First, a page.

Being Wrong Is Not A Bad Thing, It’s A Good Thing

Legends are not defined by their successes. They are defined by how they bounce back from their failures.

Last week I wrote about how to take the sting out of failure. Today, I want to share with you snipet of a speech on success and how failure drives it. It all starts with mistakes, we’re taught in school (this needs to change) that giving wrong answers and making mistakes is bad. And it continues on to our jobs and our daily lives, society as a whole would rather never make mistakes than to make them.

Mistakes, they’re part of life. No one is immune to them. We all make them, and we must make them if we’re to evolve. Below is Chris Bosh, retired NBA player and newly appointed Hall of Famer, talking about what he learned from the late Kobe Bryant about success:

There are no mistakes, only lessons. Growth is a process of trial and error.

Everyone sees and celebrates success, but most nobody cares to know about the mistakes and failures that preceded it. Being wrong is not a bad thing like they teach you in school, it is an opportunity to learn something. Every mistake you make is a learning experience. They don’t make you less capable. But it’s how you correct them or learn from them that defines you.

In business, mistakes are are as common as the sun setting everyday. Especially if you’re doing something new. Innovation is messy; it’s the opposite of stable and predictable. I’ve been part of, and started projects, that were ahead of their time. Many mistakes were made, these mistakes informed what we did next and what we stopped doing. It’s not for everyone, and the way forward is by experimenting, making mistakes, learning from them and iterating.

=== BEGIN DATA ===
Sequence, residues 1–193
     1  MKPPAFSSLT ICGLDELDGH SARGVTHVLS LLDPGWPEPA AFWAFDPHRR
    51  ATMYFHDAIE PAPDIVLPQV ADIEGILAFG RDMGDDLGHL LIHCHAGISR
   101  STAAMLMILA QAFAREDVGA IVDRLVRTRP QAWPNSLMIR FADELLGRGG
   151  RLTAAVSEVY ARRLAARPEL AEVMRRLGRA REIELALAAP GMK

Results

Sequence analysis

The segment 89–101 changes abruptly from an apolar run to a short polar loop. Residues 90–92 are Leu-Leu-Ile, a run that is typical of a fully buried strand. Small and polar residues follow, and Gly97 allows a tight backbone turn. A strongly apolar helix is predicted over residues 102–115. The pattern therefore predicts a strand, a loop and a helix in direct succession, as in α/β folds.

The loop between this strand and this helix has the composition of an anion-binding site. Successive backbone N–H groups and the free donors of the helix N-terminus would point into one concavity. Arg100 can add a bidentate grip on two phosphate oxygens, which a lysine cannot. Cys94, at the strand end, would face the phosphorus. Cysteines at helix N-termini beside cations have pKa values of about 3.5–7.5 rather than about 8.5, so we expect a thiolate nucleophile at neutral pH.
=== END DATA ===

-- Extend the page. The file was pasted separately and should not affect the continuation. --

The key to progress was learning as fast as possible from the mistakes, else we lost time and money doing the same thing over and over again. And you know that quote by Albert Einstein, “Insanity is doing the same thing over and over again and expecting different results.”

To innovate you have to try more stuff, and you have to learn fast. Why? Because innovation and failure are inseparable twins. The same goes with doing anything that’s really hard, mistakes will be made and you may fail a few times before you eventually find a way forward.

Remember, there are no mistakes; only lessons. Growth is a process of trial and error.


Bottom line: You’re either getting better, or getting worse; no one stays the same. Your mistakes don’t define who you are. It’s what you do after you have made the mistakes that makes all the difference.

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